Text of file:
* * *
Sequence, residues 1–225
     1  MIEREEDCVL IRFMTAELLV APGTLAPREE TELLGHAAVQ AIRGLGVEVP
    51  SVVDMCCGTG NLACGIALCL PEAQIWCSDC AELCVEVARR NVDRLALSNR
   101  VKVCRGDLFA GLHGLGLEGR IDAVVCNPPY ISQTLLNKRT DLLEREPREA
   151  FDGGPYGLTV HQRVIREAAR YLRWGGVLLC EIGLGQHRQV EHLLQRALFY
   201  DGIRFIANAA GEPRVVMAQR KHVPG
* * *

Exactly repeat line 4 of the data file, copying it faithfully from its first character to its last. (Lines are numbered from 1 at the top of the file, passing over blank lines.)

   101  VKVCRGDLFA GLHGLGLEGR IDAVVCNPPY ISQTLLNKRT DLLEREPREA